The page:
Bill Carroll is a consultant neurologist in the Department of Neurology and Neurophysiology at the Sir Charles Gairdner Hospital in Perth, Western Australia.
Currently, Bill Carroll is Chair of the MS Research Australia International Research Review Board, and a member of the International Progressive MS Alliance Scientific Steering Committee. Professor Carroll is also engaged as the Asia Pacific editor of the Multiple Sclerosis Journal, and the First Vice President of the World Federation of Neurology and foundation, and Vice President of the Pan Asian Committee for Research and Treatment of MS (PACTRIMS). Professor Carroll’s principal research activity has been in demyelinating disease, both multiple sclerosis and of the biology of demyelination and remyelination in experimental optic neuropathy.
Previously, Bill Carroll was Chair of the MS Research Australia Research Management Council, and previous President of the Australian and New Zealand Association of Neurologists and the XV111 World Congress of Neurology 2005.
Trevor Kilpatrick is a Professor of Neurology and Director of the Melbourne Neuroscience Institute at The University of Melbourne. He is the leader of the MS Division at the Florey Institute of Neuroscience and Mental Health, and is a neurologist and Head of the MS Unit at the Royal Melbourne Hospital.
Professor Kilpatrick graduated with a Bachelor of Medicine and a Bachelor of Surgery from the University of Melbourne in 1982, and then went on to specialise in neurology. He undertook graduate studies at The University of Melbourne and gained a Doctor of Philosophy in 1993. Following his Doctor of Philosophy, various appointments at The Salk Institute for Biological Studies (La Jolla, USA), the Institute of Neurology (London, UK) and The National Hospital and Moorfields Eye Hospital (London, UK) followed. He returned to Melbourne as the Viertel Senior Medical Research Fellow at the Walter & Eliza Hall Institute for Medical Research and as the Head of the Melbourne MS Research Unit at the Royal Melbourne Hospital.
Professor Kilpatrick has published widely including publications in Nature, Nature genetics and Nature Medicine. His research interests include the neurobiology of multiple sclerosis, neural precursor cell biology and the study of genetic and environmental factors that contribute to MS.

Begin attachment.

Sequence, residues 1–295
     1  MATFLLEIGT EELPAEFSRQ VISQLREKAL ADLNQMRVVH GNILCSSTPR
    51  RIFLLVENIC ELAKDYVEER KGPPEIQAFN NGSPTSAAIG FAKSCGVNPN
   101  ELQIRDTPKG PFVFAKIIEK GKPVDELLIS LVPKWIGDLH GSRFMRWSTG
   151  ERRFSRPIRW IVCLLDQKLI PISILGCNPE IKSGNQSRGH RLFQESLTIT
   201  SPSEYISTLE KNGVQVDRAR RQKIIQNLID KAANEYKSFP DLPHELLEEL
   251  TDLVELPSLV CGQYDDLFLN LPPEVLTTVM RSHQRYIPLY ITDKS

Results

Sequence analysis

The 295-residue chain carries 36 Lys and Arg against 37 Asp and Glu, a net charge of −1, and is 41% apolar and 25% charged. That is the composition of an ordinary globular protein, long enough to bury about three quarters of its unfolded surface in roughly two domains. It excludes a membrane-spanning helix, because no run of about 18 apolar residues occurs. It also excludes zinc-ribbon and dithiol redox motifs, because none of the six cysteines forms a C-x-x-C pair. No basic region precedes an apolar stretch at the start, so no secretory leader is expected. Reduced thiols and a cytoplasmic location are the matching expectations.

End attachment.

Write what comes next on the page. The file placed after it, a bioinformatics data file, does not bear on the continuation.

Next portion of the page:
Gavin Giovannoni is the Chair of Neurology at the Blizard Institute Barts, Chair at The London School of Medicine and Dentistry, and Chair at the Neuroscience and Trauma Centre Lead in the Blizard Institute.
Professor Giovannoni undertook undergraduate medical training at the University of the Witwatersrand in South Africa. He moved to London in 1993 to complete a PhD at the Institute of Neurology, Queen Square. In 2006, Professor Giovannoni was appointed to the Chair of Neurology, Barts and The London School of Medicine and Dentistry.
His clinical interests focus on multiple sclerosis and other inflammatory disorders of the central nervous system, with a particular interest in clinical issues related to optimising MS disease modifying therapies.
Richard Ransohoff is the Senior Research Fellow in Neuroimmunology at Biogen Idec. He is a leading Neuroimmunologist, who has served on numerous scientific advisory and editorial boards. Professor Ransohoff currently sits on the National Multiple Sclerosis Society’s (NMSS) Medical Advisory Board.
Previously, he was engaged as the Director of the Neuroinflammation Research Center in the Department of Neurosciences of Lerner Research Institute at the Cleveland Clinic, was a Professor of Molecular Medicine at the Cleveland Clinic Lerner College of Medicine at Case Western Reserve University, and Staff Neurologist in the Mellen Center for Multiple Sclerosis Treatment and Research at the Cleveland Clinic. He is also a member of the American Academy of Neurology, the American Neurological Association, the American Association of Physicians and the American Association for the Advancement of Science.
Professor Ransohoff’s extensive body of research, encompasses more than 300 publications across the fields of neurology and neuroimmunology. As a physician scientist, he has been continuously named to the “Best doctors in America”, for his expertise in the clinical care of patients with MS. Professor Ransohoff’s research has focused on the functions of chemokines and chemokine receptors in the development and pathology of the central nervous system.
In 2012, Professor Ransohoff received the John Dystel Award from the NMSS and American Academy of Neurology for multiple sclerosis research, followed by his M.D. from Case Western Reserve University School of Medicine.